Sunday, October 17, 2021

Refurbished Dell Latitude E7270 for Learning with Linux

My Acer Aspire E11 was proving too slow for the demands of presenting webinars to students, so I purchased a second hand Dell Latitude E7270. This is a 12.5" laptop, which was a premium product in 2016 and still works well today. 

The E7270 is a sleek black rectangle, with plenty of ports (4 x USB, HDMI & Ethernet), an okay mat screen, back-lit keyboard and touch-pad. The case is apparently magnesium, but has a black rubber non-slip finish. This is the mid-to low end model, without the optional touchscreen, fingerprint scanner, or 4G modem (none of which I wanted anyway). The unit is supposed to be moderately rugged, with a spill proof keyboard (but not the track-pad buttons). This could be handy as I destroyed a previous laptop with a cup off coffee in the keyboard, and leaned on the case of one before that, cracking the screen.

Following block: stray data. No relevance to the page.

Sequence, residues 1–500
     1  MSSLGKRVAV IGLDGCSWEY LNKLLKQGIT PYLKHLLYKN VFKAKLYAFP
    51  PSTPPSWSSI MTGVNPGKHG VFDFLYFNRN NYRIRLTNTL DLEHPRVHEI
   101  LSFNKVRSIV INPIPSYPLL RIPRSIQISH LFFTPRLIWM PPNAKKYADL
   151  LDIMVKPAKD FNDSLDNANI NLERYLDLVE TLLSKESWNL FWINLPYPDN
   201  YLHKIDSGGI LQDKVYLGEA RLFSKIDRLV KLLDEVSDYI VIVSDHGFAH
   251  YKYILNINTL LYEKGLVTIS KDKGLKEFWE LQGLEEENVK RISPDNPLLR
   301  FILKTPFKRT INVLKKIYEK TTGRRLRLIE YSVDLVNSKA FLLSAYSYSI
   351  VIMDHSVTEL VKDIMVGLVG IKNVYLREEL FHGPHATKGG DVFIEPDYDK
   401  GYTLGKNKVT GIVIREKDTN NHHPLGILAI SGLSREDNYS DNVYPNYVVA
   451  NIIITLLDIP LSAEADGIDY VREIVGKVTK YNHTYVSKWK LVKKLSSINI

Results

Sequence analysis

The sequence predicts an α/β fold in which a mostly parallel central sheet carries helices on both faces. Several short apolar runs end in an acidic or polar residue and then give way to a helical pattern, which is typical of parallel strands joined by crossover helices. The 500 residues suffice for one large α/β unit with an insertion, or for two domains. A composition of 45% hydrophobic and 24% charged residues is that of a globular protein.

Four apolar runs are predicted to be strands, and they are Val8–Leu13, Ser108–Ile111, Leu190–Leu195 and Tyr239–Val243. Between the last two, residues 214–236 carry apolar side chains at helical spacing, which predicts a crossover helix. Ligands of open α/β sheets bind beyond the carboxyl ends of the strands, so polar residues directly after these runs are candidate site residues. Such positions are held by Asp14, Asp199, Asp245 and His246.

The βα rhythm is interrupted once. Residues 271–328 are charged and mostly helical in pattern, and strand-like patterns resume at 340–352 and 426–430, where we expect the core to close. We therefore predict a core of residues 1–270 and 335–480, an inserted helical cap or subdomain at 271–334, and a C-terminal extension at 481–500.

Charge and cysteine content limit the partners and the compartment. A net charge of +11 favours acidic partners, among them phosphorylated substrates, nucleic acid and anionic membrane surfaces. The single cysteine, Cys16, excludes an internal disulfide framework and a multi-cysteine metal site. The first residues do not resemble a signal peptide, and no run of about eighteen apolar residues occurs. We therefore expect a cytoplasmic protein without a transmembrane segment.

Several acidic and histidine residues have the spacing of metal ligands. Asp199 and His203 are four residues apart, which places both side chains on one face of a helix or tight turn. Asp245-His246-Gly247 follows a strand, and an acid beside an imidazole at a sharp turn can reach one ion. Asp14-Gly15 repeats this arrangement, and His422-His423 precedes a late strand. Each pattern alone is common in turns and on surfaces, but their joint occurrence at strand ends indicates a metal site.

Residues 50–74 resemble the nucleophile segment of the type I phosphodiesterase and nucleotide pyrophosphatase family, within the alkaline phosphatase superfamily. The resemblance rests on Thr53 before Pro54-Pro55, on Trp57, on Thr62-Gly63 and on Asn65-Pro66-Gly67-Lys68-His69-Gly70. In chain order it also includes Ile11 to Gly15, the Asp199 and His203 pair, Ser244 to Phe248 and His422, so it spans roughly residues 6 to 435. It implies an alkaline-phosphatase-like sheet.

I booted the machine and a fresh install of Microsoft Windows 10 came up, but all I used that for was to shrink the Windows partition, to make room for Linux. Dell sell laptops with Ubuntu installed, so I decided on that. One glitch was that with fractional scaling turned on Zoom became very, very, slow on Ubuntu.

However, I found Ubuntu's default desktop environment too different to the Mint Linux I had been using. So I first tried UKUI, to turn it into something more familiar (which looked familiar but did not work so well), before realizing I could simply install the same Mate desktop environment I had used to with Mint.

Buying a refurbished laptop worked out well. I could not browse in stores due to the COVID-19 lock-down, so had to rely on the reputation of the seller.My unit cost about one quarter the new price, refurbished by Australian Computer Traders, and purchased through Kogan. The package arrived on time, looked brand new (with a genuine Dell power supply) and worked straight out of the box. The laptop I got is about twice the speed of a new unit this price, but in a more premium case. Also it makes me feel good to be adding less e-waste to the world.

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